If you get smacked by the Interwebs, where does it hurt?

May 17, 2011 GS2LAW

A two-year excursion to resolve that question has finally returned home to the District Court where it all began. The Second Circuit Court of Appeals has determined that, in certain circumstances, the “situs of injury” for the purpose of personal jurisdiction is where the plaintiff resides. In other words, when a fellow in New York gets word that his magnum opus was copied and uploaded to the free world by a fellow in Wichita, KS, he can claim harm in New York.

The case Penguin v. American Buddha began when the world-renowned publisher, Penguin, discovered that an Oregon not-for-profit had uploaded some of its books to the internet and made them available for download. Penguin sued in the Southern District of New York and the case ricocheted between the Second Circuit Court of Appeals, the New York State Court of Appeals, and the Southern District of New York to determine if jurisdiction was proper over a non-domiciliary under CPLR 302(a)(3)(ii).

American Buddha claimed that it was not amenable to suit as it had done nothing in New York and the District Court agreed as Penguin’s case was not based on downloading in New York but rather on the uploading in Oregon or Arizona (wherever the American Buddha servers reside).

The New York Court of Appeals resolved the issue narrowing the question certified to it by the Second Circuit in answering “a New York copyright owner alleging infringement sustains an in-state injury pursuant to CPLR 302(a)(3)(ii) when its printed literary work is uploaded without permission onto the Internet for public access.” Upon getting the ball back in its court, the Second Circuit issued a 9-page opinion remanding the case back to the District Court with the order that in the cases of this type the ‘situs of the injury was indeed the copyright holder’s principal place of business. Two years later, the case can finally begin (or not, depending on whether Penguin satisfies the other elements of the jurisdiction analysis).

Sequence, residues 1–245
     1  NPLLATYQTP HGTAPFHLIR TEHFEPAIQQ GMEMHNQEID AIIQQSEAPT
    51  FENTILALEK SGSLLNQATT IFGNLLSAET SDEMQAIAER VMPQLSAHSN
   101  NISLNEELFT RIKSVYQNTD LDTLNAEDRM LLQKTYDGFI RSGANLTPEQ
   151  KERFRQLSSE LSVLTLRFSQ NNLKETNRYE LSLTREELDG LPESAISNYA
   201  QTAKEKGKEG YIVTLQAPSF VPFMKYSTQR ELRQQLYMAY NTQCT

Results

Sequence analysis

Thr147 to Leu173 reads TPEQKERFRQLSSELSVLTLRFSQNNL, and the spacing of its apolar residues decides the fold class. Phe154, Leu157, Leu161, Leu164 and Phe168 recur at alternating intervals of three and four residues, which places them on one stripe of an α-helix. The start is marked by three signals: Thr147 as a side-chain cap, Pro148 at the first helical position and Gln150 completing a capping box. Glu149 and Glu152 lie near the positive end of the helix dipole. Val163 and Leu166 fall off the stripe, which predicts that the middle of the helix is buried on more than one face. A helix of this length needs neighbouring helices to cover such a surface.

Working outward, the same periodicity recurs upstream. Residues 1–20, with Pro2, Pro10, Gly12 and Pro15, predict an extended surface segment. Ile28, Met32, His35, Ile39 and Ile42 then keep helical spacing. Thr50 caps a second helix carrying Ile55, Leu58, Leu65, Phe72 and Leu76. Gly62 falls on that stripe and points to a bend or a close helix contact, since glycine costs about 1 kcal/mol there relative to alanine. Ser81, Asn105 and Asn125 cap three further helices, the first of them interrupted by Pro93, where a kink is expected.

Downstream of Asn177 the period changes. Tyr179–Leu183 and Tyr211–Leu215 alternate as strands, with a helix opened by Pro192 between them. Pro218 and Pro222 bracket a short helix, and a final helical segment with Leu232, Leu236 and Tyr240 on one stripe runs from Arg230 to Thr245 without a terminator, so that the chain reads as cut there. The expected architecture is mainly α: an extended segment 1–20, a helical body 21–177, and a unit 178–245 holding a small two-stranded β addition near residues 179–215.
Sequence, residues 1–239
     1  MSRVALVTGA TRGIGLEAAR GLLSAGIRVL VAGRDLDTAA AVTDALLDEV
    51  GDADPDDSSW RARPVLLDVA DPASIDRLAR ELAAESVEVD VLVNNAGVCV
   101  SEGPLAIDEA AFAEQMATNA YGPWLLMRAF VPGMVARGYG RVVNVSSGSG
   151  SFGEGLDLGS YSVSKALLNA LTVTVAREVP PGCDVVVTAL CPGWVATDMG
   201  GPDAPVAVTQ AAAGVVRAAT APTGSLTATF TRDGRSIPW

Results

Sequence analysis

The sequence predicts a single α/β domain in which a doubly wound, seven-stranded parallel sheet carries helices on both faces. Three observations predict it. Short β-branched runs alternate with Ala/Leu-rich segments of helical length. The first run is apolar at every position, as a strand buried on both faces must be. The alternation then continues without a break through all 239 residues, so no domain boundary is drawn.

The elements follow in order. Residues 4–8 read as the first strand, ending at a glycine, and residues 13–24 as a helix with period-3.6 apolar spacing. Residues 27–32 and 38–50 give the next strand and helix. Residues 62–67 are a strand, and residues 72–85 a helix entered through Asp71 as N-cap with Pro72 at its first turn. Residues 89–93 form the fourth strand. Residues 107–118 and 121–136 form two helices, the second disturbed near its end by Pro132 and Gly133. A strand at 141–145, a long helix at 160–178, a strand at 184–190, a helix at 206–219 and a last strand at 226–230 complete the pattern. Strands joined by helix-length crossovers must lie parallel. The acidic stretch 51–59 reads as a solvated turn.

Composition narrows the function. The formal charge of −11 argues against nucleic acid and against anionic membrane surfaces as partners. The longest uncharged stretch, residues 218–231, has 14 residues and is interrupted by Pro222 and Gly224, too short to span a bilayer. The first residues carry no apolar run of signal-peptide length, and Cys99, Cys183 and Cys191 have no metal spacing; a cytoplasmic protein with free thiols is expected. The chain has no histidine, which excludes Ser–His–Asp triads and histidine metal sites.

So what’s the big deal you may ask? First, it is always good when the courts catch up, at least momentarily, with technological advances. Second, although the New York Court of Appeals has narrowly construed the circumstances in which this case applies (copyrighted, printed, literary work, uploaded without permission for public access) more importantly it concluded that it is illogical to extend traditional tort analysis that “equate[s] a plaintiff’s injury with the place where its business is lost or threatened” to the Internet “where the place of uploading is inconsequential and it is difficult, if not impossible, to correlate lost sales to a particular geographic area.”

Consequently, the court took into account two crucial factors in determining that an injury in New York could occur by upload in Oregon:

  1. That the right of a copyright holder is the right “to exclude others from using his property”; and
  2. American Buddha’s websites could be accessed in New York.

Now that the trailblazers at Penguin have invested their money into this question, the Garrett authors, the little guys without the resources have a chance, albeit slight, that a cease and desist letter to an out-of-state infringer won’t go the way of the paper telephone book.